Home' Work Boat World : January 2010 Contents © BAIRD PUBLICATIONS LTD 2010
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Chairman and Editor-in-Chief: Neil Baird
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Assistant Editor: Caleb Samson BA
Pre-Press: Peter Hands
ADELAIDE: Jon Wallis; AUCKLAND: Peter
Morgan; BANGKOK: Kanakporn Sapraset;
Sathita U-Samran; BEIJING: Jia Yong Zhi;
BRISBANE: Bill Beecham, Dick Lee; DALIAN: Tina
Haishen; COLOMBO: S Mahendran;
FREMANTLE: Mike Brown; GUANGZHOU: Julia
Wang; HANOI: Ngo Khac Le; HOBART: Guy
Anderson; MANILA: Roger Tritton; MILAN:
Stefano Fermi; SAINT PETERSBURG: Yuri
Seleznev; SEATTLE: Mark Clevenger; SHANGHAI:
Graham Thompson; SOFIA: Krasimir Krastanov;
SIBU: Eddie Puah; SYDNEY: Terry Gorman;
TOKYO: Ikuya Ohtagaki, VANCOUVER:
Campbell Baird; VLADIVOSTOK: Vladimir
Fridyev; WUHAN: Yu Zhixiao.
Daphne Cham Ming Sheung LLB, PostGrad Dip Mgt.
135 Sturt Street, Southbank,
Melbourne 3006, Australia.
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Asia / Australasia/ Middle East /
Western north America
Ajit Singh BE MBA
Europe / Africa / Eastern north America /
Shireen Chai BSc
Liu Xiaosu (Sue) LLB, MIB
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As has become customary over the last few years, this, our January issue,
presents our choice of the most interesting and impressive vessels we have
reviewed during the previous calendar year.
This choice is a very difficult and contentious task. It is fraught with the possibility
of offending old friends and regular advertisers.
Nevertheless, we persist. The work boat world is a very competitive and very global
one. All of its component shipbuilders -- or almost all -- are continually striving to
design and build better boats.
Obviously, covering, as we do, a wide spread of work boat industry sectors on a
global basis, we can and do strive to present a wide spread of different kinds of vessels.
This, equally obviously, is not always easy to achieve as quite often one sector will be
notably more progressive than any of the others at any one particular time.
We do try -- very hard -- to be objective. Our most important parameters are
innovation, utility, economy, environmental soundness, safety, seaworthiness and
appearance. Try applying all those to the more than 170 vessels we reviewed in 2009! It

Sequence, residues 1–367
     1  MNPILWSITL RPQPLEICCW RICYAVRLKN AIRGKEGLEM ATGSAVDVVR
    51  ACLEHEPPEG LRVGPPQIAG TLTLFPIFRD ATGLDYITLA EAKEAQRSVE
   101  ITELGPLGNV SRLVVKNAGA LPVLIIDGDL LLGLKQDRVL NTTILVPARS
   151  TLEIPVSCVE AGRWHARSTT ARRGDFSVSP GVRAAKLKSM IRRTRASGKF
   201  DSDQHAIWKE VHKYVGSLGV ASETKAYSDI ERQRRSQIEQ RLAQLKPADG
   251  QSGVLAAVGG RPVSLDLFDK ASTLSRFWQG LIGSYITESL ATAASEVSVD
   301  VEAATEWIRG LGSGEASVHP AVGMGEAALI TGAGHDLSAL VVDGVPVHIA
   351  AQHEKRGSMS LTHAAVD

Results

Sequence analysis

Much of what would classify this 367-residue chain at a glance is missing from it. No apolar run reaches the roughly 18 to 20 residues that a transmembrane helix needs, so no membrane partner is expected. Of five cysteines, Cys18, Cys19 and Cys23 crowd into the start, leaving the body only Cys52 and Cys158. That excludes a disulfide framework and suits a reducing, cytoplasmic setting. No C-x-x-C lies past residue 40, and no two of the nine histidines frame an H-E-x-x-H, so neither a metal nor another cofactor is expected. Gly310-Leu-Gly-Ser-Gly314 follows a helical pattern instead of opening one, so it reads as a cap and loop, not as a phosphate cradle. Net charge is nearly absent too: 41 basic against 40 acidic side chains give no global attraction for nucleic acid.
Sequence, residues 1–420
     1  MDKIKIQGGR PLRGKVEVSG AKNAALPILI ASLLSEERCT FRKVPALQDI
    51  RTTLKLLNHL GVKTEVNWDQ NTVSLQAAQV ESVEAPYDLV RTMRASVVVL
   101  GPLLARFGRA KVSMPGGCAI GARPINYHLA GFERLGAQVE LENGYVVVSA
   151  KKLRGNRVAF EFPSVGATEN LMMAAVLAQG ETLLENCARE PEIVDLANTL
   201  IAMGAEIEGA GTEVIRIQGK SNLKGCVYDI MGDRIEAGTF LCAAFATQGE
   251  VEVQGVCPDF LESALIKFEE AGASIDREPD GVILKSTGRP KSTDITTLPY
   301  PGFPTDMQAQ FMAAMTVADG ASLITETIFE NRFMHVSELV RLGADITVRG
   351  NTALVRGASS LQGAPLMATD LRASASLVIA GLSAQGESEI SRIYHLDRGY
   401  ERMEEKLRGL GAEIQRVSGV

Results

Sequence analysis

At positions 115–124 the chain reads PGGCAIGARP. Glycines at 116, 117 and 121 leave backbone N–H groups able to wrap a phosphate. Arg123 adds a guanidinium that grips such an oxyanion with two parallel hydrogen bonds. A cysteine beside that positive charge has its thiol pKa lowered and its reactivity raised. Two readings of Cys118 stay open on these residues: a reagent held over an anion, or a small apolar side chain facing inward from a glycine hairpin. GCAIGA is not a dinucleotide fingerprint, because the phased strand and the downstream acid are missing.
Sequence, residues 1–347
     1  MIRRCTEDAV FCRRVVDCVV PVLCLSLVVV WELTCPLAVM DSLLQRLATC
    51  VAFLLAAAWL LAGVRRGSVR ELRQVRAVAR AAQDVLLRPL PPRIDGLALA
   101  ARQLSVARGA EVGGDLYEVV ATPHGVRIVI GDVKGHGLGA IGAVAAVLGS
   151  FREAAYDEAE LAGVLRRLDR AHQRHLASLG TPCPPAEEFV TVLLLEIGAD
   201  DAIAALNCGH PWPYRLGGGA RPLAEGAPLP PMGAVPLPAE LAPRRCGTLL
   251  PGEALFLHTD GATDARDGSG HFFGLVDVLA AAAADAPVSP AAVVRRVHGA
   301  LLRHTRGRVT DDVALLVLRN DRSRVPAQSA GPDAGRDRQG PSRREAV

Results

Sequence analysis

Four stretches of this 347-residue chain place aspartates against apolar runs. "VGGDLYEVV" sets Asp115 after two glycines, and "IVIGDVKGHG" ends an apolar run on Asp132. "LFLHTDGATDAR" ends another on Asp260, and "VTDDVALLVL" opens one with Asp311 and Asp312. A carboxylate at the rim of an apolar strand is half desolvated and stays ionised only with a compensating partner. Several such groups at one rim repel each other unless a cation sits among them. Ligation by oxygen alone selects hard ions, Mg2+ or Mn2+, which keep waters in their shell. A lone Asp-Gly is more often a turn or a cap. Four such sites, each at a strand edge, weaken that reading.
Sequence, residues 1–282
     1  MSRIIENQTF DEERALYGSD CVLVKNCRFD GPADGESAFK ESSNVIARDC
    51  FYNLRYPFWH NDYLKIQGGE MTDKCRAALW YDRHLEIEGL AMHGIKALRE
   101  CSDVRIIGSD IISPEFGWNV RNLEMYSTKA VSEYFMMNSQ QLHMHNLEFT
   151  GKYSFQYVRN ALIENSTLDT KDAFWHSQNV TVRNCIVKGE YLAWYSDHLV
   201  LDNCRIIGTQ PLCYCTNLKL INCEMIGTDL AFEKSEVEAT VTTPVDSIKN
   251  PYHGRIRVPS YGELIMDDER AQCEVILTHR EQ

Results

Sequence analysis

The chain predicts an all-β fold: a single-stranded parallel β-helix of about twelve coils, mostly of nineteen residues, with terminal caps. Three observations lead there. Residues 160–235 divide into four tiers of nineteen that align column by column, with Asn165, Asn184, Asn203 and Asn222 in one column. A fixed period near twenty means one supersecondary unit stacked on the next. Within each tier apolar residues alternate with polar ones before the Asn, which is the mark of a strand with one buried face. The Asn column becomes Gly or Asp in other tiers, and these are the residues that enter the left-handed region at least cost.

really isn't easy but we believe that all these innovative and interesting vessels richly
deserve their second day in the sun.
That is the painful part of our job. The pleasurable bit is that we get to look again at
so many new and different craft. We appreciate anew the talent, inspiration and
perspiration that have gone into the design, construction and equipping of these vessels.
Naval architecture, ship building and marine engineering are, in my view, just as
much arts as sciences. That certainly is very clearly displayed in most of the boats in our
New hull shapes, new propulsion systems, new electronics, new equipment, and,
even new construction materials all made appearances in 2009. This innovation and
artistry all helps to improve the breed.
If you really think about it, work boats are just tools. What is especially interesting and
inspiring, though, is that such a significant proportion of them are built as one-offs or, at
least, in short runs. Much more inspiring, of course, than aircraft or trucks, for example.
This is where the artistry continues to come into focus. In that sense they are rather
more like buildings than machines.
Naturally, the bigger the budget the more likelihood that there will be inspired artistry.
The offshore service vessel (OSV) sector, generally, has benefitted from the biggest budgets
of late so there, of course, is where most of the more inspiring vessels have been created.
Almost every sector has produced some very impressive vessels. The wider industry
will benefit from those. There is quite a lot of cross fertilisation of ideas across the
sectors. That improves the breed generally.
So, while you may well disagree with some of our choices for our Top 20, we hope
that they will at least make you think. The basic purpose of this magazine is to produce
ideas and inspiration of benefit to work boat owners and operators. We trust that our
Top 20 vessels of 2009 has again done that.
Like many other interested and involved observers, I was disappointed but not
surprised by the effective insolvency of Dubai Inc. that was announced just
before I wrote this.
I must admit that although I had been predicting for at least three years that this
would be in the inevitable result of the emirate's crazed, out-of-control development
and borrowing, we at Baird Maritime have still been stung by one or two bad debts.
I can only blame my own carelessness. At least we weren't caught by the similar
collapse in Iceland, which I also clearly saw coming.
The coming recovery in Dubai will no doubt be aided by its much richer and more
cautious neighbours. Their patience has been sorely tried of late by Dubai's mad
extravagance but they will have little choice but to help.
We should be careful, of course, not to write off the prospects of all the Gulf states
on the basis of the profligacy of Dubai. Most of the other states are much more
responsibly and sensibly managed. They will survive reasonably prosperously even if
they are singed a bit by the Dubai burn out.
The Gulf , generally, still has enormous potential as far as the work boat industry
is concerned. The Dubai bust should provide some good opportunities for careful,
far-sighted operators with reasonably deep pockets.
Work Boat World's "Top Twenty"
EDITORIAL JANUARY 2010
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